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To bring out the fact that, despite its recognition of man's weakness and man's sin, this religion in its principles and in its history, has ever given to man a position of honor accorded to him by no philosophy nor civilization of non-Christian character, is one of the highest privileges as it is one of the first duties of the sacred orator. In the parables of the Savior Himself or in such works as that marvelous book on the dignity of man, Taufer's "Following of Christ," we can find not only the recognition of the rights of human nature but also the highest regard for them. The whole religion of the Incarnation, with its dogmas and its precepts, works for the individual soul's advance, not by denying or rejecting the inherent rights and dignity of human nature, but by building upon these and by rearing that which is natural unto a supernatural stature.

Thus, too, the student will understand that the message of the Catholic preacher is one that has its bearing upon the social life of man. The spoken word is meant to influence especially the individual, but since society is made up of individuals, religion must have its effect upon the whole body. Such pronouncements by the supreme authority in the Church as the encyclical, Rerum Novarum, have called attention to the fact that to-day and for the Catholic priest, there are great social questions. In fact, it would be difficult to find any matters which so disturb the minds of men as these of a social character. The evident duty of him who is one day to expound the Christian Faith is to render himself familiar with the nature of the social evils which are to be combated; with the various remedies that are suggested by men of different religious convictions from himself or of no such convictions; with the bearing of Catholic principle, Catholic philosophy, Catholic theology upon society and its life; in a word with. all that will bring out what is most needed, the Christian improvement of economic conditions.

Here is not the place to insist upon the necessity for the priest of greater and broader activity in the field of social science; but taking the recognition of this necessity for granted, it will be admitted, I am sure, that the preacher could accomplish no greater good than that which he would achieve by throwing light into the dark places of human existence, and by showing that the

Christian religion, far from retarding, helps toward the coming of the reign of Christ in society.

The student will see further that the message of the Catholic preacher is one that has its bearing upon even the political life of man. A characteristic feature of our age-and of the immediate past is the great advance of liberty. Political society is impregnated with the idea of freedom. There arise again and again. those who maintain that the Christian religion is the foe of all liberty and is therefore unfitted for these enlightened times. To be capable of explaining true liberty; to present the Christian faith as the religion of liberty; to show that liberty, the freedom to do right and not to do wrong, must exist under authority; these are demands placed upon the preacher, and demands which can be met only through a deep study of the history of philosophy and of civilization and a thorough grasp upon the genius of Christianity.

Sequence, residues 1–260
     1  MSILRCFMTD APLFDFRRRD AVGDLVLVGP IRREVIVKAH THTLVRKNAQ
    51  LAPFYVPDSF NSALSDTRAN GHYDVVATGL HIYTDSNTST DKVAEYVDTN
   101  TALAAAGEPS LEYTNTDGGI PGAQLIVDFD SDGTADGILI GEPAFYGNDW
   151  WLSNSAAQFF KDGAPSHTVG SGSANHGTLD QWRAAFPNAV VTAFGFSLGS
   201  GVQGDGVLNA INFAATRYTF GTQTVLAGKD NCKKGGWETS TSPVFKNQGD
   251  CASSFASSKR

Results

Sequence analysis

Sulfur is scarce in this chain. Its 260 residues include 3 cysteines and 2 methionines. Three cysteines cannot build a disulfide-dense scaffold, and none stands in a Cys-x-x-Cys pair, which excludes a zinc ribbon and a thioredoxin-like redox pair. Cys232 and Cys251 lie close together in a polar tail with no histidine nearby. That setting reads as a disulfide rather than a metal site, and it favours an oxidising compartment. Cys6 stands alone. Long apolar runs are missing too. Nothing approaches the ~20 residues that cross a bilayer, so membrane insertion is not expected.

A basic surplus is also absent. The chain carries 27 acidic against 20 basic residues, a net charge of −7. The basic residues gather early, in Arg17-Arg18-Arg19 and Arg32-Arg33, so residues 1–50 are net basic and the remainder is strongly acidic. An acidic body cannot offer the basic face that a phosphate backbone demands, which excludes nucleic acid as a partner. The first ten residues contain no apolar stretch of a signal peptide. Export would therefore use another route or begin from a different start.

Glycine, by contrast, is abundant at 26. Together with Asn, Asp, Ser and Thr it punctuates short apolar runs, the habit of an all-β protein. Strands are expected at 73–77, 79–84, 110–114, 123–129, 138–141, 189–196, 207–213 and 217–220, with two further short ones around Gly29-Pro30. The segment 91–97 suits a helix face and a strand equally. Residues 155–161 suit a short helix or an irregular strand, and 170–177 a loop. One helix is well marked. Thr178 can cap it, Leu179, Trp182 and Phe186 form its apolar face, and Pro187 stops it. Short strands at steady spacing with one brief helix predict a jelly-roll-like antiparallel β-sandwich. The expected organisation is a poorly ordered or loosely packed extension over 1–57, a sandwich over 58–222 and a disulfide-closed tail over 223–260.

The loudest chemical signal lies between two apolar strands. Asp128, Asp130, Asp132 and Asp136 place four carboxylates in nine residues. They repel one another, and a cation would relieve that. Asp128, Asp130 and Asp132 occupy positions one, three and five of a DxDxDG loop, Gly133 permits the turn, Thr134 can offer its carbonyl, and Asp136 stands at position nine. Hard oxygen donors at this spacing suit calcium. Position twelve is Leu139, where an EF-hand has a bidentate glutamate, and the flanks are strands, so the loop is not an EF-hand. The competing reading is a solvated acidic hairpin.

In view of this message to the world, homiletics must ever insist that its pupil study not only religion but likewise the philosophy and the utility of religion. Pope Leo's encyclical on the Study of St. Thomas strongly advocated the former. The positive exposition of theology can never be neglected but this is an age of the how and the why. The temperament prevalent in the world outside the Church, especially amongst those who are deeply versed in secular science, is a temperament of doubt. Say what we may, the fact is there. In order that religion may penetrate the darkness, it must be presented not only in the light of its own splendor but with the added light of philosophy. Now, as in the days of St. Paul, it is necessary that we show "reason for the faith that is in us," and one of the most powerful reasons is to be found in the utility of religion. The preacher can use a most powerful instrument for truth and goodness, in that he can show that not a single teaching of revelation or of the Church. is for the mere intellectual acceptance or enjoyment of man, but rather that every dogma of the faith has man's utility for its object.

Nor is the homiletic value of education completely grasped when those most important fields of theology, of Scripture, of Church history, with their relations to human life, have been